You will engage in negotiations with at least two or three suppliers whenever possible. It is obvious that in an "oligopolistic" or even "monopolistic" market, this will not be possible.
The negotiation will focus on the criteria you have identified. One trap to avoid is the price trap. Don't stop at the nominal value but focus on the total cost of ownership. The price is usually the tip of the iceberg, to which must be added peripheral costs such as transportation, insurance, delivery times, warehousing, maintenance, payment terms and even non-quality.
Paradoxically, the lowest price is not always "the cheapest". Don't be tempted by the lowest price, ask yourself if the supplier has what it takes to ensure a win-win business relationship over the long term.
Accept that there is a bit of "a game" by identifying your objectives that must be met and those where you are open to making concessions.
Don't overlook the general terms and conditions which can be quite unbalanced and totally in the seller's favour. We'll talk more about this below.
You are probably not a professional negotiator and negotiation is not your cup of tea. You could fall prey to the most experienced salesperson.
However, thanks to your preparation and the selection of several potential suppliers, you are in a very good position.
The pitfalls to avoid are letting your emotions get the better of you, feeling weak and/or being distracted by your counterpart's negotiating style. Remember, while you need the supplier, they also need you.
Also remember that you don't have to conclude the negotiations no matter how much time you invest in the process. If the proposed agreement is not satisfactory, do not sign it. In this case, you can postpone the negotiations or even stop them altogether and focus on other options. There is nothing to prevent you from negotiating in parallel with other selected suppliers.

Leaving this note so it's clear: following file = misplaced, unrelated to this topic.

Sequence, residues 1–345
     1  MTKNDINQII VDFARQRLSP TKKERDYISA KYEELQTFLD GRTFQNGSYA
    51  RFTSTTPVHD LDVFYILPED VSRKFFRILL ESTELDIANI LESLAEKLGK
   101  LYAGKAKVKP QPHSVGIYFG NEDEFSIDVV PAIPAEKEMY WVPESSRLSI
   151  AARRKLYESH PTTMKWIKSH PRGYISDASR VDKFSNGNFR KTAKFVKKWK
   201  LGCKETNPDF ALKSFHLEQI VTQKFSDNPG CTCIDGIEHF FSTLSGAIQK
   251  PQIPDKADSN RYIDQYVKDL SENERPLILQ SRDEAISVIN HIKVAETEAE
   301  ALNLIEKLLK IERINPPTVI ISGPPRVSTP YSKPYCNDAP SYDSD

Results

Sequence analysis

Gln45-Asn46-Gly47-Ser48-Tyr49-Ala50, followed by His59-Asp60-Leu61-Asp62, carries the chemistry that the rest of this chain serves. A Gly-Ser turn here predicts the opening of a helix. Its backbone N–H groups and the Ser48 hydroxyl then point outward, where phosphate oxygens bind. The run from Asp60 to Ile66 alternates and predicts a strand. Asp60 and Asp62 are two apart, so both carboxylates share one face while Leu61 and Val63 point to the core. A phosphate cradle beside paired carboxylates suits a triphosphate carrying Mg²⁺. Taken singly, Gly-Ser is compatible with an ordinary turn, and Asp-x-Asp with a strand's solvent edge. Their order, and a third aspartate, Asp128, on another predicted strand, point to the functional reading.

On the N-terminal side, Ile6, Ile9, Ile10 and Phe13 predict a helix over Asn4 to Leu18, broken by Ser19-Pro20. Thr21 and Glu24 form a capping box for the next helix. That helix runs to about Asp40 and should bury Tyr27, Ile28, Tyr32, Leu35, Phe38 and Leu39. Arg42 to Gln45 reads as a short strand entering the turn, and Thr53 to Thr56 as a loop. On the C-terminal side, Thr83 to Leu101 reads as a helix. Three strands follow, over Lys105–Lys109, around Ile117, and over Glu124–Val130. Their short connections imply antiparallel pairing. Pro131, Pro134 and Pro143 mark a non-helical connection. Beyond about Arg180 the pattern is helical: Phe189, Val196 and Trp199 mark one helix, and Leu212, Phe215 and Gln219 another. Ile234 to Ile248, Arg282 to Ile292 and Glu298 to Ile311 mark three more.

7. PREPARE THE LEGAL FRAMEWORK
After long discussions, the negotiations have come to a successful conclusion. It is now time to move from promises and intentions to the contractual rights and obligations of the parties. In addition to agreeing on the thing and the price, the contracts will include the penalties for non-compliance with the contract clauses and the guarantees given. It will also contain the terms and conditions for dispute resolution, the conditions for activating penalties and calls upon the guarantee.
This contract will prevail in the event of a dispute, which is why it is recommended that you have someone advise you before you sign it. Depending on the issues, it is not unusual for there to be some back and forth between the parties' solicitors.
8. MONITOR THE BUSINESS RELATIONSHIP
Once the contract is signed and the business relationship is underway, it is right to monitor it in order to build the relationship, ensure compliance with the contract and also act quickly in case of problems.
The actions to be implemented will be adapted depending on the importance of any problems and their frequency, ranging from the search for a remedial solution to a court summons or mediation. You must keep the notion of cost/benefit in mind so as not to embark on costly and risky actions.
9. REVIEW YOUR CONTRACTS REGULARLY
Don't rest on your laurels, the market is constantly changing. Renegotiate your key contracts on a regular basis. This will allow you to take advantage of new opportunities and signal to your suppliers that you are serious about them.
In conclusion, the steps described above are applicable to all cases but their application will depend on the issues at play.
The proposed process is relatively simple to set up and does not require any particular experience. Controlling it, especially for your key purchases, will be an essential lever for reducing your costs, improving the quality of the products/services purchased and increasing the profitability of your business.